Thesis: Handguns should be outlawed with the exception of law enforcement

I. Why Not Real Gun Control?
A. Handguns are too easily accessible to America\'s youth.

II. Kids: A Deadly Force.
A. Kids are killing each other all across America.

III. A Look At The Brady Bill

IV. The Economics of Crime.
A. Americans are spending too much money each year to protect themselves.

V. Charts and Figures.
A. Where Americans are spending all their money on protection.

Handgun Control in the United States

Handguns should be outlawed in the United States with the exception of law enforcement

purposes. Two weeks before Christmas Day, 1987, 17 year-old Kendall Merriweather was shot

and killed a few blocks from his high school in southeast Washington, D.C. Police arrested two

teenage students who they believe killed Merriweather while trying to steal his "boom box" radio.

A few days earlier, in Pasadena, Texas, a 14-year-old eight grader at Deepwater Junior

High School whipped a snub-nosed .38 out of his jacket and held the assistant principal hostage

for two hours. Police said the boy was distraught over his parents\' recent separation. (Stanza 19)

These were not isolated incidents. All across America, the number of kids using- and being

harmed by-guns is rising at an alarming rate. According to the U.S. Department of Justice,

more than 27,000 youths between 12 and 15 were handgun victims in 1985, up from an average

of 16,500 for each of the previous years (Stanza 19). The increase in gun use often stems from

urban crack trade. Many crack gangs have more firepower than a small police department.

Whatever the cause, authorities are finding the use of handguns by youngsters an extremely diff-

icult trend to stop ( Stanza 19). As long as pistols are as easily accessible as candy, people of all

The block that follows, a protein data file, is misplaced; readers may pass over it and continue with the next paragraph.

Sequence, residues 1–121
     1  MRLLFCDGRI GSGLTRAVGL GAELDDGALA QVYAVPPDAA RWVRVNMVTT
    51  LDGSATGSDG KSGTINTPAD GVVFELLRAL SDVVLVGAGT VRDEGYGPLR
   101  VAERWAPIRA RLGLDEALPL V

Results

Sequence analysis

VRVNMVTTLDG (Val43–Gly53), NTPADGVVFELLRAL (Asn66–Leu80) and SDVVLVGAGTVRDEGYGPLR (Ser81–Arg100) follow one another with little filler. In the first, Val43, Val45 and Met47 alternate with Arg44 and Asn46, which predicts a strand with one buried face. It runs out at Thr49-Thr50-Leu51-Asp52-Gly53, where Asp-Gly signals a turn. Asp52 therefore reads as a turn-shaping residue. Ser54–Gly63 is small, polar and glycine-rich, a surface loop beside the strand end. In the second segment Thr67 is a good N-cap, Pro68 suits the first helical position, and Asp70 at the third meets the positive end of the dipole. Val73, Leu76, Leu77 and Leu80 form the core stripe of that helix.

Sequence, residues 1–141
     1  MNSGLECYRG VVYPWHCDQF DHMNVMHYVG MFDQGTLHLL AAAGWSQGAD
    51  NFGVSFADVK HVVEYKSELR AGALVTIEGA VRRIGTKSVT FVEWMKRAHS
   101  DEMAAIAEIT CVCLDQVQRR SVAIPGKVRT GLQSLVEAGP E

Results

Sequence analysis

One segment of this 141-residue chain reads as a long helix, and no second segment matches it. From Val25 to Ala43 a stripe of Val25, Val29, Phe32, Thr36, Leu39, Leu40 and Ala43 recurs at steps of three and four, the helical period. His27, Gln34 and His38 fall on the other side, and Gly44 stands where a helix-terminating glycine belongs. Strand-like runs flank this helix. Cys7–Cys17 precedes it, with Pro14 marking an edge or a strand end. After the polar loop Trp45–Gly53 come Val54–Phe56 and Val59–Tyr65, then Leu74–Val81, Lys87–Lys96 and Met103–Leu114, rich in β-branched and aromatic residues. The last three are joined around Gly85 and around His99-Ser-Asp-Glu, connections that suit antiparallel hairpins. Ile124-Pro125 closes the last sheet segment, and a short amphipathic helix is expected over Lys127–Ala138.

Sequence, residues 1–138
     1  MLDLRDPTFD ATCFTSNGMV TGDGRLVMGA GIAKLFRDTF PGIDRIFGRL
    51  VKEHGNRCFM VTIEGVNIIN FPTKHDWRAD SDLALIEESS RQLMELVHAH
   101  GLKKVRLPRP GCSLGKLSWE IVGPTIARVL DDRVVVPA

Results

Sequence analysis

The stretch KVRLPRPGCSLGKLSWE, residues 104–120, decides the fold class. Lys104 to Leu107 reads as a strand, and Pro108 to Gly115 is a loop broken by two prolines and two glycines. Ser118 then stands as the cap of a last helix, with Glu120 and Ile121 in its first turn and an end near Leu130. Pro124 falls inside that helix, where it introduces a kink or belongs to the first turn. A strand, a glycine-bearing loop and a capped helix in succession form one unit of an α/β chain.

ages will continue to be on both ends of the barrel.

Kids in America have reached a new level of criminal violence that seems linked to the

nation\'s ever-expanding arsenal of handguns. Guns are everywhere, and they are being used in

increasingly horrific ways (Morganthau 33). According to Thomas Morganthau, author of Why

Not Real Gun Controll?, in America, firearms kill more people between the ages of 15 and 24

than do all natural causes combined. According to a survey taken in 1993, gun deaths, including

suicides, now total more than 37,000 a year, and handgun homicides have reached 13,000 a year.

The big question that everyone is asking now, is "What should we do about this?". The

answer outraged voters say in poll after poll, is to pass more restrictive laws to control handguns.

This mood is moving a reluctant Congress toward renewed consideration of the Brady Bill,

named after Jim Brady, who was permanently disabled in John Hickney\'s attempt to assassin-

ate Ronald Regan in 1981 ( Morganthau 33). The Brady Bill is a common sensical and an ad-

mittedly modest attempt to impose a five-day waiting period for the purchase of handguns, and

to require local police agencies to make a "reasonable" effort to ensure that the buyer does not

have a criminal record (Morganthau 34). But the bill rests on a largely unsupported assumption

that the combination of a waiting period and police background checks will somehow reduce

handgun crime. There is no real proof of this, because of the simple fact that background checks

cannot catch crime-minded "wanna-be\'s" who do not have records yet (Morganthau 34).

Handgun Control Inc., the lobbying group that is the prime backer for the Brady bill, contends

that the bill will work and that it is only a first step toward a "sensible" national gun-control policy

that need not include an outright ban on handguns or some form of licensing for gun owners

(Morganthau 34). The real problem, according to President Bill Clinton, is handguns, which are

easily concealed and widely available on the street. But no one thinks Congress will be able to

conquer its fear of the National Rifle Association to do anything much about limiting handgun

sales any time soon. And that, in all probability, means America\'s tragic obsession with lethal

weaponry will continue for years to come ( Morganthau 34). The cost of crime in America is adding up at a surprisingly quick rate. Americans are

scared. The fear of crime permeates their lives. They worry about being raped